In Uvalde, there may be white people with Spanish surnames, and families with blended Latin American and northern European ancestry. But everyone there seems to know who is white and who is Latino, and what that means.
Though the shooting wasn’t explicitly racist, and the shooter was Latino himself, the Latino community bore the brunt of the loss. When they took their demands to the mayor, Don McLaughlin, Superintendent Hal Harrell and Abbott, it was hard not to notice that decisions rested in white hands, and those hands have been slow to move.
The ongoing fight is equally nuanced. The majority of those calling for gun reform in Uvalde are Latino, but not all Latinos want gun reform, and some are eager to see the emotions toned down.
Back in 1970 there were Latinos displeased with the confrontational nature of the walkouts too, Ronnie Garza recalled. Not because some Mexican-Americans thought the education system was just, but because keeping the peace with white Uvaldeans was a matter of survival.
Both father and son said they remembered the six-week walkout as a time of both intense unity among the protesters and those who supported them, and perhaps even more intense animosity from those who opposed them. While the protesters got support from students, helicopters circled low above them, and the Texas Rangers stationed snipers on the buildings. George Garza remembers nasty slurs whispered at city council meetings, and political strategies to paint the protesters as radicals with political agendas.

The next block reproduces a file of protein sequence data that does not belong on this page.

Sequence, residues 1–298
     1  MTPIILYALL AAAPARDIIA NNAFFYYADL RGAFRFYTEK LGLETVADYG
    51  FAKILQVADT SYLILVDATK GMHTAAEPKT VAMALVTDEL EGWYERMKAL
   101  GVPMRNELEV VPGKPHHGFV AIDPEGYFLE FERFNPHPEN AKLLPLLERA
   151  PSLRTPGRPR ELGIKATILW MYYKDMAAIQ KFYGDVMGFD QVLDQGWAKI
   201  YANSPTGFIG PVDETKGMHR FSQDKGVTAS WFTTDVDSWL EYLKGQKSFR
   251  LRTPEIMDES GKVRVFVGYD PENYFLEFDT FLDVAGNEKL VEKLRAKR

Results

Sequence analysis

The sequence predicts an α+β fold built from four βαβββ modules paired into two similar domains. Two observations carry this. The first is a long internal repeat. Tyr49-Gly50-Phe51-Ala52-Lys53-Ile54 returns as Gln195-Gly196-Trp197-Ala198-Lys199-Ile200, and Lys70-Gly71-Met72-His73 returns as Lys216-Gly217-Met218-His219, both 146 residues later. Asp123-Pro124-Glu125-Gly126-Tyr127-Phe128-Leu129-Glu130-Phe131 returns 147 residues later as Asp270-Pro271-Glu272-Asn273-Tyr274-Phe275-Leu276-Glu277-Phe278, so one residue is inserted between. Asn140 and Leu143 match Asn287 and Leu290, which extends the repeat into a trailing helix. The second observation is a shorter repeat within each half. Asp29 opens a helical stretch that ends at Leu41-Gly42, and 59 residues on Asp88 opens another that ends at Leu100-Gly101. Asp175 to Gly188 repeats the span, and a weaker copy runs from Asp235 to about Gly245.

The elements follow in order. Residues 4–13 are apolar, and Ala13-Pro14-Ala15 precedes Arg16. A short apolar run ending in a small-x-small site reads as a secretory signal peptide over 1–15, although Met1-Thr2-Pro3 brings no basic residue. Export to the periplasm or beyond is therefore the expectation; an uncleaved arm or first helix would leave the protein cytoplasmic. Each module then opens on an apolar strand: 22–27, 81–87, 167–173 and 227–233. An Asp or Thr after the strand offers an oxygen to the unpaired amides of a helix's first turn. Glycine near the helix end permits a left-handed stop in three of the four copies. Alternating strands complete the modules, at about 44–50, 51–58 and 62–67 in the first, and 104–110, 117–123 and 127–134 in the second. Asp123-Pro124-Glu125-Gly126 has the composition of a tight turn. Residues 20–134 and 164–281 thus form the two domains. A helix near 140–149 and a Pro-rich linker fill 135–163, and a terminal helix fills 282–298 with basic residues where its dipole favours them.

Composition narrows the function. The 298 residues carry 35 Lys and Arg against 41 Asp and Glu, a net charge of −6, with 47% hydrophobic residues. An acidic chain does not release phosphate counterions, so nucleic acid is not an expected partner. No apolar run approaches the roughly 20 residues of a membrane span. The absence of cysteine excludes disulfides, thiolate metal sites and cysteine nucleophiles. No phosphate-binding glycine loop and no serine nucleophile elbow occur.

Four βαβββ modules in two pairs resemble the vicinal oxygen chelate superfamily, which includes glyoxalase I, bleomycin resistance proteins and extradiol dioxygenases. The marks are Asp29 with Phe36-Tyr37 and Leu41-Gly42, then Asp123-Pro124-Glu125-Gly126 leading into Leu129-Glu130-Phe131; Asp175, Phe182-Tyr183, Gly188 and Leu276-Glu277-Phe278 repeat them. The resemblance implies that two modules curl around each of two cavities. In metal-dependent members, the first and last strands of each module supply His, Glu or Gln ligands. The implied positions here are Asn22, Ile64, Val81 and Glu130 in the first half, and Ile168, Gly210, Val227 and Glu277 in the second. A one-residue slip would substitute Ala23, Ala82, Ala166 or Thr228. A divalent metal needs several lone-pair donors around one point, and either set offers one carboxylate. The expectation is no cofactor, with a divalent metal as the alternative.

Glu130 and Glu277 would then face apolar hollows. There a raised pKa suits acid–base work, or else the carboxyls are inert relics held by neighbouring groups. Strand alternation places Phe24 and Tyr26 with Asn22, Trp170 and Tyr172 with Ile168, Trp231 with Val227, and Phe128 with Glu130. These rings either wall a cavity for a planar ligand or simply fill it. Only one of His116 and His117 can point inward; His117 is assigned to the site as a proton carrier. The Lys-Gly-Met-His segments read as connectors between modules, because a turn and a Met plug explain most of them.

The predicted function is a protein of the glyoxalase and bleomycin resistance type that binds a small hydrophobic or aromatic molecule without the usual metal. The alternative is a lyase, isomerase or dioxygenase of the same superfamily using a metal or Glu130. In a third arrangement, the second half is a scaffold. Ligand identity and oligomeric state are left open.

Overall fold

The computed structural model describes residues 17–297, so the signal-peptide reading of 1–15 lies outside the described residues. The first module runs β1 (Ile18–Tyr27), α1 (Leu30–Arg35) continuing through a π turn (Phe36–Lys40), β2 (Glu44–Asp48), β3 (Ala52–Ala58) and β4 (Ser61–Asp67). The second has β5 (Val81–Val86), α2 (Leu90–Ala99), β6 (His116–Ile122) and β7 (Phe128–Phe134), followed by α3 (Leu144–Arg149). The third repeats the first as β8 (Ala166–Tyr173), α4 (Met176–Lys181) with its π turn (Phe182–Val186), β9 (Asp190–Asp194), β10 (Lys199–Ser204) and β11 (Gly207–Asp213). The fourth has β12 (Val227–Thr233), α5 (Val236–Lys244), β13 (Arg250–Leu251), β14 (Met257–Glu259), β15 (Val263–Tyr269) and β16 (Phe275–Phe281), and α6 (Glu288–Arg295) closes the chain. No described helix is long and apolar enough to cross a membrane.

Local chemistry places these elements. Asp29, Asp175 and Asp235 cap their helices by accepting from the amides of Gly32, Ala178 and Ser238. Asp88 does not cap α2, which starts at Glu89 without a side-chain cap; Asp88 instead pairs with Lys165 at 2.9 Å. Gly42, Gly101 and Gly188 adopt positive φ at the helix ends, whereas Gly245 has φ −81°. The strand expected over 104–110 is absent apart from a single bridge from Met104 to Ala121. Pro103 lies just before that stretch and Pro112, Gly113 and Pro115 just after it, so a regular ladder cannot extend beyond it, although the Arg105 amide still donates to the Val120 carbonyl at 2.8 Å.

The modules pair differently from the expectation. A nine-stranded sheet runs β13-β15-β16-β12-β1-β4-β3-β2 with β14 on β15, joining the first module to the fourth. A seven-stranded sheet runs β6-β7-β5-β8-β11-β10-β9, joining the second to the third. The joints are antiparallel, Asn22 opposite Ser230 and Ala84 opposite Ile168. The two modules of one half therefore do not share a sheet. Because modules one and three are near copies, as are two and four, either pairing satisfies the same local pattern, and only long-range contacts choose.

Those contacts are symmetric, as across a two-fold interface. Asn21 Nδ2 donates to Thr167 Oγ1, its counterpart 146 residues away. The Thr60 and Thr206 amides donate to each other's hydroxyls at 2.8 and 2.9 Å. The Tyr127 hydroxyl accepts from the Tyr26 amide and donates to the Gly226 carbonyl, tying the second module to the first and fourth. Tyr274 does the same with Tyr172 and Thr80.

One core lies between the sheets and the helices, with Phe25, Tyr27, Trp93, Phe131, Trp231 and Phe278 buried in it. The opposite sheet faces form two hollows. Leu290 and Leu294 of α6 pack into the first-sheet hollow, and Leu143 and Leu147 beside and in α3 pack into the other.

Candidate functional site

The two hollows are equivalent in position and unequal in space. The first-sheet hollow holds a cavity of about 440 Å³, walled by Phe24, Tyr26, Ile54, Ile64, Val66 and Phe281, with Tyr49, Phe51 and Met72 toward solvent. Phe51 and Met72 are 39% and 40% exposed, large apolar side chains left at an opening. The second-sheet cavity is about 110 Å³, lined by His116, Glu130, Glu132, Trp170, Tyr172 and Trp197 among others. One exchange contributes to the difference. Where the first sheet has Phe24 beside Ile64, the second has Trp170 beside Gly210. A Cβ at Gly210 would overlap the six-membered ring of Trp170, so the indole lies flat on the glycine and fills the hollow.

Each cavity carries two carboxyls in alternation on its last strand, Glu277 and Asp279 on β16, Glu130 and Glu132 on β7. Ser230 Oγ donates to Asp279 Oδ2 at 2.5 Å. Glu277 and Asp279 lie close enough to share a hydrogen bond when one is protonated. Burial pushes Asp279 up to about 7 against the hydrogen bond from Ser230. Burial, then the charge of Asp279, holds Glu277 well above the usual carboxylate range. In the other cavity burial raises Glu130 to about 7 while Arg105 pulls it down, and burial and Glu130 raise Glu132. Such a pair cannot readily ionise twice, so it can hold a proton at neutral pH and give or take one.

Accusations of interference from more broadly progressive outside groups – political parties and MoveOn, for instance – are muddying the gun-reform debate as well. And it’s true that many rallies and online groups tend to attract a wide range of interests aligned with their own ostensible purpose. But the Uvalde rallies and online groups have stayed smaller, and laser-focused. It’s about guns. While it’s clear the crowd in Austin would have been friendly to something more ambitious like a total assault weapon ban, the speakers generally stuck to their initial proposal, and so did the crowd.
Grief and anger are clarifying their view of politicians. And no matter what happened in the November elections, Garza knew progress would be slow. It was and is slow on integration too, but Garza sees more cooperation and ease between the white and Latino communities in Uvalde now, even beyond the schools. Some churches, notorious for entrenched segregation, are integrated. He sees his father’s sacrifices bearing fruit.
But something nags at him. “You know what never gets said?” he asked, “‘We’re sorry.’”
In refusing to take responsibility for the ravages of segregation, the white leaders placed a burden on the Latino community all those decades ago. The burden of moving on without amends. Now, they are being asked to move on again.
‘We’re very divided’
George Garza never got his teaching job back, but instead ended up in politics, registering voters and eventually running successfully for local office himself. During his tenure as mayor of Uvalde, Audrey Garcia, who at that time worked as director of human resources for the city, called him “one of the good ones”.
In Garcia’s mind, that means fighting the status quo, the so-called good ol’ boys, who, in her opinion, had set the community up for tragedy. Her daughter Gabby, who has Down’s syndrome, was in Eva Mireles’s class years ago. Garcia remembers the teacher, who was killed in the shooting, as one of the few who helped her fight to have Gabby included in a general education classroom.